In honor of Inktober, Isaac Alvarez of UNPLUG Production made his own ink-related project. But rather than making an ink drawing, he focused on commercial watch photography. He used only a simple two-light setup and some super-cheap items, most of which we all have lying around the house. Despite the low-budget setup, the results are professional-looking, so let’s dive in and see how he did it.
In September 2016 my Photography Agents, Vaughn-Hannigan, abruptly closed their doors after 10 years in business. Since then I have been without an agent, representing myself, and I thought I would look back and ask the question which has been lingering with me through this time:
To Agent or not to Agent?
Those of us in the UK who grew up in the 1980s will mostly remember George Cole as the lovable rogue Arthur Daley in the TV show Minder, which ran from 1979 until 1994. But this wasn’t all he was doing. In the ’80s, he was also moonlighting in adverts for Olympus, along with legendary fashion and portrait photographer David Bailey.
These TV commercials advertise the fancy “new” all-in-one Olympus cameras, like the Olympus AZ 300 Super Zoom, Olympus Trip AF, and the Olympus AF-10, and they show that attitudes towards gear and elitism have never really changed. I think we all know people like this, even if just online if not in real life.
It’s standard practice for commercial photography clients to ask photographers their ‘day rate’. Most estimates that photographers provide start with a day rate before going on to production costs and expenses.
Now I used to think I could simply take it for granted that anyone involved in the industry would be able to appreciate this isn’t exactly what a photographer or for that matter any independent creative professional working on a short term project earns for every single day of the year.
I’ve realised that the world of photography is in so much flux that this isn’t a safe assumption and now I much prefer to provide a rate for each job. My reasons can be best illustrated with an example.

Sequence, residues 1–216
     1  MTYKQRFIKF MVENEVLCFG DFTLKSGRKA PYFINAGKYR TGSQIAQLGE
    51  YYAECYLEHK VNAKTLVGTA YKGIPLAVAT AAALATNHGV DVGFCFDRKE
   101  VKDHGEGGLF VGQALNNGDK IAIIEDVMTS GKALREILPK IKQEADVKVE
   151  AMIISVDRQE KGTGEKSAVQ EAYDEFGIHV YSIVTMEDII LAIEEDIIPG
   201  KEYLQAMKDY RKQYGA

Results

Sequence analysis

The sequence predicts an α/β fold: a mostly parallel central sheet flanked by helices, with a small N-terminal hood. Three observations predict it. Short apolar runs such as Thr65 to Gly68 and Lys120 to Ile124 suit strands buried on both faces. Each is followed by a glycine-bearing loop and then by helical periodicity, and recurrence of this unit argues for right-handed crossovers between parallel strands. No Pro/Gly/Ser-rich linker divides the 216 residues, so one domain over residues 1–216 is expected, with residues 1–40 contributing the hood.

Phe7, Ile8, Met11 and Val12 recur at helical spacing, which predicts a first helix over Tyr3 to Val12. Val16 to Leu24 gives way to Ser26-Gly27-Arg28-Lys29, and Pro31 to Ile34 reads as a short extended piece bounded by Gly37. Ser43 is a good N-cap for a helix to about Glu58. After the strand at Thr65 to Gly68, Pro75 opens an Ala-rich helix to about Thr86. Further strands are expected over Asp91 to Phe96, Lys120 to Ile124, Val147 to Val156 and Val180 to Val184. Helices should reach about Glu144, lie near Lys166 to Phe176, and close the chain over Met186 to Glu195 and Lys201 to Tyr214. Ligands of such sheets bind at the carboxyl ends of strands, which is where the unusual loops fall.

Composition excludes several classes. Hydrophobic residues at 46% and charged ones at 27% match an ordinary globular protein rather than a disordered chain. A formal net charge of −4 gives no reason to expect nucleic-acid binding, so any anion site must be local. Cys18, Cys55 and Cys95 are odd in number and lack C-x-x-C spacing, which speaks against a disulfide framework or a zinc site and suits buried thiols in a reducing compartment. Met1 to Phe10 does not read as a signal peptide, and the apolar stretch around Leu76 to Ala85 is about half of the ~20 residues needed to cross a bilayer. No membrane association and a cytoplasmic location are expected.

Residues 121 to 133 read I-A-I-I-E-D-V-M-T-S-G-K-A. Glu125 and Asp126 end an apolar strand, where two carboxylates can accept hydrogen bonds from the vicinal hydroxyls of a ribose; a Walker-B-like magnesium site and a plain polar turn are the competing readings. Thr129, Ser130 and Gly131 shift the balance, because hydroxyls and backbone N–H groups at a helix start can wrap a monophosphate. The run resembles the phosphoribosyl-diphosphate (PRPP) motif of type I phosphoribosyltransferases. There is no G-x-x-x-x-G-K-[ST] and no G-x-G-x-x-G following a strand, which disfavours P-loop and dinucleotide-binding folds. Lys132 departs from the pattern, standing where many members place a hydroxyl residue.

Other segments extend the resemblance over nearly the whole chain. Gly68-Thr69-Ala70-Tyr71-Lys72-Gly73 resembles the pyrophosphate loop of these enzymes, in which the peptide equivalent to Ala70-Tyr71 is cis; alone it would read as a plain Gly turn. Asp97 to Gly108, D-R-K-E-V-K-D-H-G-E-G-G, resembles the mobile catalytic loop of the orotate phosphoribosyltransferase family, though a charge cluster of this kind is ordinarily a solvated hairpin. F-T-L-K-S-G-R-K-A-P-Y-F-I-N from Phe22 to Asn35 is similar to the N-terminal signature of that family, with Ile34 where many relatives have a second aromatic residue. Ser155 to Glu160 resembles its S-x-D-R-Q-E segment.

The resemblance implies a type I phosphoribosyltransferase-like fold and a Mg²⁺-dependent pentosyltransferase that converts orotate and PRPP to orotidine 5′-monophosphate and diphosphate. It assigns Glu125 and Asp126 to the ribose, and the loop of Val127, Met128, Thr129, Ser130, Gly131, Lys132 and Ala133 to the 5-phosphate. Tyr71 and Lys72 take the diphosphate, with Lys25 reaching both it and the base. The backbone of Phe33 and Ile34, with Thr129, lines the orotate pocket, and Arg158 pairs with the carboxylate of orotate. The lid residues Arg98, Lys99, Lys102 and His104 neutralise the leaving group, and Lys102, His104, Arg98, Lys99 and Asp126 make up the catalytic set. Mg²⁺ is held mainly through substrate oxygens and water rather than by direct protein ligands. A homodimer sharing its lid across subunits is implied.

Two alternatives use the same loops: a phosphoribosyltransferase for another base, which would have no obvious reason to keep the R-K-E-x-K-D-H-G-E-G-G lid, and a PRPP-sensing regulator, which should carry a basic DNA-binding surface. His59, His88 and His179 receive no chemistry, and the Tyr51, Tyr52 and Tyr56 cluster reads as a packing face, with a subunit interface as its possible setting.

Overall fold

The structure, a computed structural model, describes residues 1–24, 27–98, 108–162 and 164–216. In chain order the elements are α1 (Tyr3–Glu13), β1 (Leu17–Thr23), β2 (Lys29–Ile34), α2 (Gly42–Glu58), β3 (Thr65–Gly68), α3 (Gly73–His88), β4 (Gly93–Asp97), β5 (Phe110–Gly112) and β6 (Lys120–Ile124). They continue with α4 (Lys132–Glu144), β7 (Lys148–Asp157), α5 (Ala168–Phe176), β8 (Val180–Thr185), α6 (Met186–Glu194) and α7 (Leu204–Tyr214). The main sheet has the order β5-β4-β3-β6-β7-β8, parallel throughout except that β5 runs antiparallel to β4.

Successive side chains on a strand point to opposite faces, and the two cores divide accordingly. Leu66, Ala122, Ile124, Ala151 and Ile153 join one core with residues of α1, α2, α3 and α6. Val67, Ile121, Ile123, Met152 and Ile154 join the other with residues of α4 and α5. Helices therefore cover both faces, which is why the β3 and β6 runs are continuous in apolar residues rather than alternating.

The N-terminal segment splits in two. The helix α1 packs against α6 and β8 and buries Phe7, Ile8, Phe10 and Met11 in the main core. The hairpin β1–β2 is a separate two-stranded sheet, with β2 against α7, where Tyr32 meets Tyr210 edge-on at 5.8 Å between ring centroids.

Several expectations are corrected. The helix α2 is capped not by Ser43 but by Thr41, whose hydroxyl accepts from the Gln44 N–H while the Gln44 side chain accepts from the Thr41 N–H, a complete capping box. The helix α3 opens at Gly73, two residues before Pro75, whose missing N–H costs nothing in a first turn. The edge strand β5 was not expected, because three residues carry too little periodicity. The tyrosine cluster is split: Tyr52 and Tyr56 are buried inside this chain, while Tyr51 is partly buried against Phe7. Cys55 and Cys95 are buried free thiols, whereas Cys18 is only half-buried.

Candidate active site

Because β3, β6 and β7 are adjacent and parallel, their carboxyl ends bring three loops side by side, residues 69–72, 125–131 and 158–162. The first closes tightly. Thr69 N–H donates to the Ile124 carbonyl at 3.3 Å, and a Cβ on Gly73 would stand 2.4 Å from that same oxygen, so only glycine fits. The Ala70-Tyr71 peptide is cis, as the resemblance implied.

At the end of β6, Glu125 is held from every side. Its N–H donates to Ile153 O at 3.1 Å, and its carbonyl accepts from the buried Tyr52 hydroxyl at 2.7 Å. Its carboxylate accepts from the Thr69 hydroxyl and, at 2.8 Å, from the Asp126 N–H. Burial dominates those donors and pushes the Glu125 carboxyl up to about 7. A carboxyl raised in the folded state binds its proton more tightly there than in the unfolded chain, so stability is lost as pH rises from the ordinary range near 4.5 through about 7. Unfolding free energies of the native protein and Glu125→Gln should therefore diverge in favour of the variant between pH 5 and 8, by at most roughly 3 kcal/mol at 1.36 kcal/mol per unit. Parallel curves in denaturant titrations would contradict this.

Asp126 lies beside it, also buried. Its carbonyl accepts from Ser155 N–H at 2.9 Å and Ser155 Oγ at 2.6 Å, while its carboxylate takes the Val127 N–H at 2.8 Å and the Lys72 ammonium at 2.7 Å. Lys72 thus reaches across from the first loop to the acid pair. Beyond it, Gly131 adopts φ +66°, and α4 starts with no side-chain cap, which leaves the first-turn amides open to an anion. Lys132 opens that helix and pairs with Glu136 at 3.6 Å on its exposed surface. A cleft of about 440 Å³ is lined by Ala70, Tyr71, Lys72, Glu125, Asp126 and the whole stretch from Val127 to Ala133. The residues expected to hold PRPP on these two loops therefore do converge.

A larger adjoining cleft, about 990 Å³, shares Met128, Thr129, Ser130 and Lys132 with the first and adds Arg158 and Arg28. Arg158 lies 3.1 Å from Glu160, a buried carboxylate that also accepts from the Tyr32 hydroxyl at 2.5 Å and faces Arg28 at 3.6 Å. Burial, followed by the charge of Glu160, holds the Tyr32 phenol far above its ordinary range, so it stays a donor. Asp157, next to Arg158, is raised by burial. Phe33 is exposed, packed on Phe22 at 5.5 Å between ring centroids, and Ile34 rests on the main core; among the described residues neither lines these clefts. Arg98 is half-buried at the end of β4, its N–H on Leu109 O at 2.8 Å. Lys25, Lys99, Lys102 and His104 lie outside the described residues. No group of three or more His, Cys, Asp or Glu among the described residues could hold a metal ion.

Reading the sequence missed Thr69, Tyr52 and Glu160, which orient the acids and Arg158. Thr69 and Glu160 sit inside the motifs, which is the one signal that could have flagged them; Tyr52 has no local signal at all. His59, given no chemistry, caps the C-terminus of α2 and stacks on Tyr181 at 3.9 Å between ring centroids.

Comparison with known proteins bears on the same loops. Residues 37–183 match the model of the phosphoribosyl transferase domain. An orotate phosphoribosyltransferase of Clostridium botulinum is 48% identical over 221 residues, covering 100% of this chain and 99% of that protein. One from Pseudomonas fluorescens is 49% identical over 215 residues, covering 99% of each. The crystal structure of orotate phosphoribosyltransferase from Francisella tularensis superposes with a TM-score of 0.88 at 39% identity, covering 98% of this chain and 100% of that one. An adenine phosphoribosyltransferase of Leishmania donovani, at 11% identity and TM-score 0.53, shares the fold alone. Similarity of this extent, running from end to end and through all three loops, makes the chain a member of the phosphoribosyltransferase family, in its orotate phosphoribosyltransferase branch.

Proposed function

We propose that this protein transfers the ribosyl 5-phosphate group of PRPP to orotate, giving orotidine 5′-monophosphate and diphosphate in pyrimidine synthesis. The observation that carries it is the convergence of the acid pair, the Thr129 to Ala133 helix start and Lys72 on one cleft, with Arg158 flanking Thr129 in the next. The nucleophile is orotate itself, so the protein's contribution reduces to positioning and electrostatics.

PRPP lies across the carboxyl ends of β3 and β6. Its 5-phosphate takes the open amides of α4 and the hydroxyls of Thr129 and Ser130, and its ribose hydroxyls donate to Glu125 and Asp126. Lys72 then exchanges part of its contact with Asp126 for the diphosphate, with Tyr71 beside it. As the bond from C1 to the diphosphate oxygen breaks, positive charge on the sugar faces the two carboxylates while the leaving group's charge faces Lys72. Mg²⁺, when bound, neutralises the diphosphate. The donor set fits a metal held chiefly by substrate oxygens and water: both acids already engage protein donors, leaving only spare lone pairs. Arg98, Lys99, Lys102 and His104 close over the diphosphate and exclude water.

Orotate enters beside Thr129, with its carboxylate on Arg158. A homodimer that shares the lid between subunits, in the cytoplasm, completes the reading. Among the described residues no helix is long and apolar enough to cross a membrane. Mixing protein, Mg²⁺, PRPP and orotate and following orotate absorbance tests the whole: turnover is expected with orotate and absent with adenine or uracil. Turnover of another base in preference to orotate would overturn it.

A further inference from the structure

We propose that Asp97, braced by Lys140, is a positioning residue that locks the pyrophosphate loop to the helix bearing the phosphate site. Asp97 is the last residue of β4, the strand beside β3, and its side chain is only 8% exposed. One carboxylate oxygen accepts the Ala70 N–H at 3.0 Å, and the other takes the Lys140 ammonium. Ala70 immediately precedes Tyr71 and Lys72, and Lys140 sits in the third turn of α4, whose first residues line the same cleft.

Product videos are a lot of fun to shoot. As is product photography. Coming up with different unique ways to show off a product is an exciting challenge. Doing it on a low budget, even more so. In this video, filmmaker Todd Blankenship creates three product ads with minimal kit and shows the gear, sets and lighting setups used to make them.
If you have not seen Spike Jonze’s ‘Welcome Home’ ad for the Homepod, you must be living under a rock. Let me fill you in. In the ad, dancer FKA twigs realizes that her home can expand and contract to match her dance moves. It is a visual candy.
The big excitement about the clip comes from the fact that 99% of the clip is not done in a computer, it’s done in camera, by actually creating a real-life sized expanding house (or at least parts of it).
Magdalena is a Toronto, Canada based editorial and commercial portraiture photographer and art director. Her work has been featured by numerous lifestyle, fashion and design magazines and brands.
She is also the Editor-in-Chief at Avidly Home Magazine.
It’s not surprising when camera companies hire photographers to pitch their products. But photographers have also been enlisted to sell other types of products; the result of Madison Avenue trying to romanticize the occupation, even though the reality often fails to meet the expectation. Nowadays photographers are more likely to spend the majority of their time sitting at a desk in post processing, or trying to collect on invoices that are 6 months past due.
Nevertheless, we’ve seen a number of companies in a variety of industries employ photographers in their ad campaigns in the past few years, spanning the gamut from the old living icons to the newest generation of light chasers.
Basia Vanderveen from Ottawa sued Waterbridge Media for recording her while she was jogging along the river in Westboro. She has won the lawsuit, and according to the video company, the court’s decision will have “a chilling effect on the media industry.
The two-second clip appeared in a promotional video for Bridgeport condominium. When a friend told her that she appeared in it, Vanderveen sued because the footage of her had been used without her consent.